Homeowners Associations (HOA) help keep your community neat and safe, and often maintain shared neighborhood amenities like pools, tennis courts and fitness facilities. These are just a number of the reasons that you pay HOA fees like a homeowner.
But what happens if you don’t pay your HOA dues or fall behind on the payments? There’s a variety of consequences to be aware of including potentially foreclosure on your home.
What are HOA fees?
HOA fees are a mandatory monthly, quarterly or annual fee paid by homeowners who live inside a community managed with a homeowners association. These dues are utilized to maintain amenities and common areas within the community. The offerings that originate from these fees is determined by the community’s needs, so HOA costs will differ depending on where you live. .
The extra cost of the HOA is a great idea if it means saving money on spending money on amenities just like a gym membership or a swimming pool, or homeowners who prefer to outsource some aspects of home maintenance like lawn care.
The funds collected from HOA dues may be used for:
- Insurance: Homeowners still need to purchase their own home insurance policy, however they could also need to pay HOA dues that pay to insure common spaces within the purview of the association.
- Community amenities and services: Some HOAs offer a gym, tennis courts, clubhouse or pool for their residents. Some may also offer security services like a doorman, security guard or automated gates.
- Pest control: Condo or townhouse communities may offer pest prevention or control services.
- Lawn care: Generally, the HOA dues you pay will take care of the lawn on shared areas, though for your own lawn care the association might have standards you need to adhere to.
- City services: Utilities and services for example water, sewage and trash removal may be contained in HOA fees, though that isn't forever the situation.
- Reserve funds: Some of the HOA fees is going to be set aside in a dedicated checking account so that the association can use it for unexpected expenses. For example, if a window breaks in the clubhouse or perhaps a bit of gym equipment has reached the end of its life, the HOA could use this reserve to replace them.
- Maintenance and repairs: With respect to the weather in your town, these services can include snow removal, in addition to maintaining and repairing shared structures and customary areas. For instance, in communities that have a clubhouse, some of your HOA dues will be used for that area.
Every homeowners association is different, and that's why it’s crucial you evaluate the Covenants, Conditions and Restrictions (CC&Rs, or even the HOA’s rules and regulations) to determine what you can expect to pay and what’s covered.
What happens when you don’t pay your HOA fees?
When you miss a payment, your HOA will typically notify you that you’re late on your dues and outline the effects, such as being charged a late fee or interest until it’s paid. The association could also outline any legal consequences if you continue to miss or remain delinquent on your payments.
Here are a few scenarios that might take place if you can't pay your HOA fees.
Your privileges could be taken away
As an additional or next step after charging late fees your HOA could restrict or eliminate your use of common areas or amenities such as the gym or pool. The concept would be to encourage you to pay your HOA dues to reestablish your privileges.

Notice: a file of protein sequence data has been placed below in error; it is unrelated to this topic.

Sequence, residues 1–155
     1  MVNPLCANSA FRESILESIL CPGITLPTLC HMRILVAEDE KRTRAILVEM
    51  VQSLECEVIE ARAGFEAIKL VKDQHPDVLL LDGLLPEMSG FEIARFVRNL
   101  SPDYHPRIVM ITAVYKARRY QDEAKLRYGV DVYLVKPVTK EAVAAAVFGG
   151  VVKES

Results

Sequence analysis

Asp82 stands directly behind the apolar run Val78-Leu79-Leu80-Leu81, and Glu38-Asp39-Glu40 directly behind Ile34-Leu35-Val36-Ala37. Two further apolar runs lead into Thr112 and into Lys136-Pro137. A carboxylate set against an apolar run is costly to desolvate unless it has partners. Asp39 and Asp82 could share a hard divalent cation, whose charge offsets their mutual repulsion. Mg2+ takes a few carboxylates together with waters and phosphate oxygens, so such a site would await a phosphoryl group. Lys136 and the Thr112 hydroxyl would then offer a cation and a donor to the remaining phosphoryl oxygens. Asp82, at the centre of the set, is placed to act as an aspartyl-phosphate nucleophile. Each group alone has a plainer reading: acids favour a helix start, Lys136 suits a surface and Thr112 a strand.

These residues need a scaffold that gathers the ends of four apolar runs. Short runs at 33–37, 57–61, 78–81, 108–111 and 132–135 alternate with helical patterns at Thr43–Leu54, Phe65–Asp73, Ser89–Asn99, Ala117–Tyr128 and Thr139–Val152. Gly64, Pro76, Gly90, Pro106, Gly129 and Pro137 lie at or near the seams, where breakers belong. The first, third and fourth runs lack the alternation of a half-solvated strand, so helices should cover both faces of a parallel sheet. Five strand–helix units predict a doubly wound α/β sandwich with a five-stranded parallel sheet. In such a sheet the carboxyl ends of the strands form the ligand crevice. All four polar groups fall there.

Your bills may go to collections
If your instalments continue being delinquent, your HOA could employ a collection agency to obtain the missed fees. This might lead to more notices like telephone calls and letters in order to get you to definitely pay.
You could be sued
If legally allowed, your HOA can sue you for that unpaid dues, fines and then any interest that’s accumulated. If this happens, your HOA might have the authority to garnish your income to take what’s owed from your accounts.
Liens in your property
Yet another approach an HOA can take is to place a lien on your property, meaning you would be unable to sell your home without satisfying the hold placed on the deed. A lien is public record and would be found throughout the title search that can take place included in a house sale. A house sale can't be finalized before the lien is resolved.
Your home could be foreclosed
Depending on the state you reside in, there’ll be restrictions how so when an HOA can initiate a foreclosure on the home inside the community. For states that don’t have restrictions, your HOA can foreclose on a home on the small amount just like a few hundred dollars.
If this happens, the foreclosure will be either nonjudicial, or sold without court involvement, or judicial, which means it is going with the state court system.
In addition, the HOA might not need to record a lien to proceed with the foreclosure. In some states, an itemized record from the declaration of the CC&Rs serves as the HOA lien and makes effect the date your payment becomes due.
Exact rules and regulations will differ depending on your HOA’s CC&Rs and state laws. Again, it’s important to know and understand the guidelines governing late or delinquent payments so you’re not really surprised over losing access to privileges or something like that much more serious.
What if I’m having trouble paying HOA fees?
Distressed homeowners who are not able to pay association dues should contact their HOA as soon as possible to discuss the problem.
If you’re experiencing financial hardship, you might be capable of working out a repayment plan or some other arrangement so that you don’t risk losing community privileges or worse, face being sued or losing your home to foreclosure.
ON THIS PAGE
- What exactly are HOA fees?
- What happens when you don't pay your HOA fees?
- Let's say I'm having trouble paying HOA fees?